When I was eighteen, a friend of the family who sold life insurance suggested that I buy a whole life policy for $50 a month. He told me about how it would grow and how, when I was older, I wouldn’t have to pay on it anymore. “It’s not the only investment you will ever make,” he assured me, “but it’s a nice foundation.” He went on to tell me how I would appreciate that I had insurance when I was old, insurance that I would not have to pay for anymore, and that I wouldn’t have to qualify to get. “You probably don’t realize it now, but you won’t always feel eighteen,” he said with a smile while at the same time stretching, what he fondly referred to, as his “old back.”
That was thirty seven years ago. I wish I had taken him up on the idea. My parents were dead set against paying for life insurance. They talked me out of it. In their older years they may have wanted to have some so they could leave a nice pile of money behind, but by then they had health problems and insurance would have cost them too much.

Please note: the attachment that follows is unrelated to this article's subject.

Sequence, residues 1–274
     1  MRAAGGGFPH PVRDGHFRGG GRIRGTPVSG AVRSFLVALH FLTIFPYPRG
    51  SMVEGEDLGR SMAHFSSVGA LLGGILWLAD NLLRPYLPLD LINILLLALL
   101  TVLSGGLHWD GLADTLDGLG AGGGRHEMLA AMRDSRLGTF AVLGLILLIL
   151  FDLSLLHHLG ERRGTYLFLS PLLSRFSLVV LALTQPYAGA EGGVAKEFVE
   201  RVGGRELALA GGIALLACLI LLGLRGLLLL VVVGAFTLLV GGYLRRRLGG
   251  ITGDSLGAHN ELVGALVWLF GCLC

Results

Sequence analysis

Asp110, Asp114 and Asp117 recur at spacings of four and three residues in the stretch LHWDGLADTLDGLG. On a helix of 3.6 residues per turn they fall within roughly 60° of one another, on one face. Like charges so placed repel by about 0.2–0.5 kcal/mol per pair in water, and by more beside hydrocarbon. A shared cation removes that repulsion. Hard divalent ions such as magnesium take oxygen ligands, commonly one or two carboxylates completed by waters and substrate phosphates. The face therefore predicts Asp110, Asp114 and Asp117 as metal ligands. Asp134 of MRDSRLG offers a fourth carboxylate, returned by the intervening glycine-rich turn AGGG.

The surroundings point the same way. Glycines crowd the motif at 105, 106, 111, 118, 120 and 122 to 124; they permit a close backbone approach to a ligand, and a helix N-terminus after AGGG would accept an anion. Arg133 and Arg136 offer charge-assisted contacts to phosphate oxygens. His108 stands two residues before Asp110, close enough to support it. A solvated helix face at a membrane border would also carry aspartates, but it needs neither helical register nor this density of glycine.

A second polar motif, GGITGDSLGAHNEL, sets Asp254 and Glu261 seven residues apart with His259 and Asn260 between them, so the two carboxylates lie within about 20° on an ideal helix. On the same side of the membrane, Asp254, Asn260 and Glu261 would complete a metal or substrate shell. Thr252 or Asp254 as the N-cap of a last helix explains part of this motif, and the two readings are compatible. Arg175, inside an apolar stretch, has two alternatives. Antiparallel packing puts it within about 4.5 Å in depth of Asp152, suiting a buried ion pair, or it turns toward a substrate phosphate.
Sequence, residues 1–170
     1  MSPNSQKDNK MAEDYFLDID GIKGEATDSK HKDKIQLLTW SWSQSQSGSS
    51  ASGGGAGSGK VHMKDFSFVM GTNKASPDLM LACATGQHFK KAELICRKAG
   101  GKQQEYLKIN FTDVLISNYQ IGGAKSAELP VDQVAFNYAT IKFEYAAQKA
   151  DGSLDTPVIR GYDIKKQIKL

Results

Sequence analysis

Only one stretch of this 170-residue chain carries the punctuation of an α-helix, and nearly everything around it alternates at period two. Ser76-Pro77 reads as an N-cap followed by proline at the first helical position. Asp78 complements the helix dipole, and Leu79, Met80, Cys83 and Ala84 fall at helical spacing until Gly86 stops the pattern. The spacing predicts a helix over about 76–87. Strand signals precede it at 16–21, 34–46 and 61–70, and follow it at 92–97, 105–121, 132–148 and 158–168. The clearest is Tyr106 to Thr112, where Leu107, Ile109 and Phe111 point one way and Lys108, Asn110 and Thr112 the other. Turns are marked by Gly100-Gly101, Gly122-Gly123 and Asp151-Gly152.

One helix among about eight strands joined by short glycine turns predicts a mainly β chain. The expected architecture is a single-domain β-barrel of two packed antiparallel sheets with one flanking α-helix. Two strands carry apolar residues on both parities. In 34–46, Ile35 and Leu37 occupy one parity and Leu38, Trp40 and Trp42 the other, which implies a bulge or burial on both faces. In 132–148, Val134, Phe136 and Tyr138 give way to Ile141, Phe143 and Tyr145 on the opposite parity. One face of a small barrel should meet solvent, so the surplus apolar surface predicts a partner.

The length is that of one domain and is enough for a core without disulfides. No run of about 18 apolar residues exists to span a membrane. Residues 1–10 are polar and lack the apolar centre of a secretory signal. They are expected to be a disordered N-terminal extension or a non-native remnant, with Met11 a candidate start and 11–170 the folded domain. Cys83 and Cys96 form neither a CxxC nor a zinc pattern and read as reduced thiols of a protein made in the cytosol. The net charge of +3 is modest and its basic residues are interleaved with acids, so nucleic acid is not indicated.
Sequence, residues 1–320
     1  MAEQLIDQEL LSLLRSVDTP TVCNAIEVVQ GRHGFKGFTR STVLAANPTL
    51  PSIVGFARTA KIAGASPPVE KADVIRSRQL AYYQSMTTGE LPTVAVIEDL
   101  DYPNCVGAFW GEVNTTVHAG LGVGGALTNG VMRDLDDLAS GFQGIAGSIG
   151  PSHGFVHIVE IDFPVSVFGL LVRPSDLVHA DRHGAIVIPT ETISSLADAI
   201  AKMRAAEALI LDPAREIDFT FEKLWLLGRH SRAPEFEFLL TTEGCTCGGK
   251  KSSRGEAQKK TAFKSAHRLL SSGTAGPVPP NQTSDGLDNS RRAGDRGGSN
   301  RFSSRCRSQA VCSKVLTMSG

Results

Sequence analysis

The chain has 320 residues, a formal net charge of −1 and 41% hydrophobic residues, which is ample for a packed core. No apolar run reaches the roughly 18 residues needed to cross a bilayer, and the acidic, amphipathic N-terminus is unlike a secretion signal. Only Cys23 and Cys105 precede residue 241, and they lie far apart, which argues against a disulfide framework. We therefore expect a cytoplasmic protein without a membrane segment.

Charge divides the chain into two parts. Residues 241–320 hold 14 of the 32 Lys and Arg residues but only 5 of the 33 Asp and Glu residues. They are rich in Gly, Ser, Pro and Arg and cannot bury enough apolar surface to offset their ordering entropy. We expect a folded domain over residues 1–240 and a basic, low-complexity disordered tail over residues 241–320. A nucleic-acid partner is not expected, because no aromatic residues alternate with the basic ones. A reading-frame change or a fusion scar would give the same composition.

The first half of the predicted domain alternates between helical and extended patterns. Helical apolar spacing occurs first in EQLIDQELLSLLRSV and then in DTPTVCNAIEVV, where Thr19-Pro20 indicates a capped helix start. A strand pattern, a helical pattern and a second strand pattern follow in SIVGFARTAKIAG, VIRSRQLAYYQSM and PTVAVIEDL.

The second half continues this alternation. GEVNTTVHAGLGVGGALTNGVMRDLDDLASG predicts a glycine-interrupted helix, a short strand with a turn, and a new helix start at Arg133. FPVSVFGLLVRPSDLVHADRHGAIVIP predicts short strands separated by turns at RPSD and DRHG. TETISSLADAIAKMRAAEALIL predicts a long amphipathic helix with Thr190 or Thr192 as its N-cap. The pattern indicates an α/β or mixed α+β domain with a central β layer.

I bought a policy each for my two boys, though. When they are my age they will have a nice benefit. Regardless of their health, which I hope is excellent. We can never be sure. But we can insure for it.
When considering Whole Life, you should consider Indexed Universal Life, too. The ways in which each grow over time are very different and should compared.
A definition of Whole Life: Whole life insurance, or whole of life assurance (in the Commonwealth of Nations), sometimes called “straight life” or “ordinary life,” is a life insurance policy which is guaranteed to remain in force for the insured’s entire lifetime, provided required premiums are paid, or to the maturity date. As a life insurance policy it represents a contract between the insured and insurer that as long as the contract terms are met, the insurer will pay the death benefit of the policy to the policy’s beneficiaries when the insured dies. Because whole life policies are guaranteed to remain in force as long as the required premiums are paid, the premiums are typically much higher than those of term life insurance where the premium is fixed only for a limited term. Whole life premiums are fixed, based on the age of issue, and usually do not increase with age. The insured party normally pays premiums until death, except for limited pay policies which may be paid-up in 10 years, 20 years, or at age 65. Whole life insurance belongs to the cash value category of life insurance, which also includes universal life, variable life, and endowment policies.